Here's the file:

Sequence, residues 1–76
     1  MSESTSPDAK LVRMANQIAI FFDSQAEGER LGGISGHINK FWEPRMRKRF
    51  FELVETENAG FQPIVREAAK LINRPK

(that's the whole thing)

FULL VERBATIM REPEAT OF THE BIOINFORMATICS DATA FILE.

Sequence, residues 1–76
     1  MSESTSPDAK LVRMANQIAI FFDSQAEGER LGGISGHINK FWEPRMRKRF
    51  FELVETENAG FQPIVREAAK LINRPK